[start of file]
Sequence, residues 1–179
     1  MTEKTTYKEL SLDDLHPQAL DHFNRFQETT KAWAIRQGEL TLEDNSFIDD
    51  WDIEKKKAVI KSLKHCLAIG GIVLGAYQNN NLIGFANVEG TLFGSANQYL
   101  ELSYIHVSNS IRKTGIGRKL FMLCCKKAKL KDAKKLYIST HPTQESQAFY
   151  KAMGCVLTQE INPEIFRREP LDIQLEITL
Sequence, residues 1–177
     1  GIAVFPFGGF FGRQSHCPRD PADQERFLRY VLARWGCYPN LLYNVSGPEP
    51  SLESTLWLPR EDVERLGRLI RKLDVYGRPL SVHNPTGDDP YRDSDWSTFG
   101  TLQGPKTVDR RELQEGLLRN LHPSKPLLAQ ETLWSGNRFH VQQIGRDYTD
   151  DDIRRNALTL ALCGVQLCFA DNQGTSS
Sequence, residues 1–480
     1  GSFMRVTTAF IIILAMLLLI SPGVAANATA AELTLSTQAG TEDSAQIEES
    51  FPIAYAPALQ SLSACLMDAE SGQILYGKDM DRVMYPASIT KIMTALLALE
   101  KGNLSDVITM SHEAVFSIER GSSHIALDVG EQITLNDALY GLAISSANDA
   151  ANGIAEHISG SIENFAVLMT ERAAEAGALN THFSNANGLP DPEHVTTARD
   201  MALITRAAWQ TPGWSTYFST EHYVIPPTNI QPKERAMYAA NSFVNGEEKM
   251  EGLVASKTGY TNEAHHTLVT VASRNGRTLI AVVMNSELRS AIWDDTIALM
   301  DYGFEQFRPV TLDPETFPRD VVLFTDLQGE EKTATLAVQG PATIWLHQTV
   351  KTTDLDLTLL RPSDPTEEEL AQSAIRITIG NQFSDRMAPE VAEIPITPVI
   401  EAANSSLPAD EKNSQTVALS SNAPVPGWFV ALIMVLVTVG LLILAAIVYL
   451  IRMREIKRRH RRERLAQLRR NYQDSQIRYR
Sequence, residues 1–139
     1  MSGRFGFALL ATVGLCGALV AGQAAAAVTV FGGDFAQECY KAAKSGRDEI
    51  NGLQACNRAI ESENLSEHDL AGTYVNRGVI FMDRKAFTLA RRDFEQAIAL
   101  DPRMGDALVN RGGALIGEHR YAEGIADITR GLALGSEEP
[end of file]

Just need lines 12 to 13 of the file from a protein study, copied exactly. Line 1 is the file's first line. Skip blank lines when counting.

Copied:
     1  GSFMRVTTAF IIILAMLLLI SPGVAANATA AELTLSTQAG TEDSAQIEES
    51  FPIAYAPALQ SLSACLMDAE SGQILYGKDM DRVMYPASIT KIMTALLALE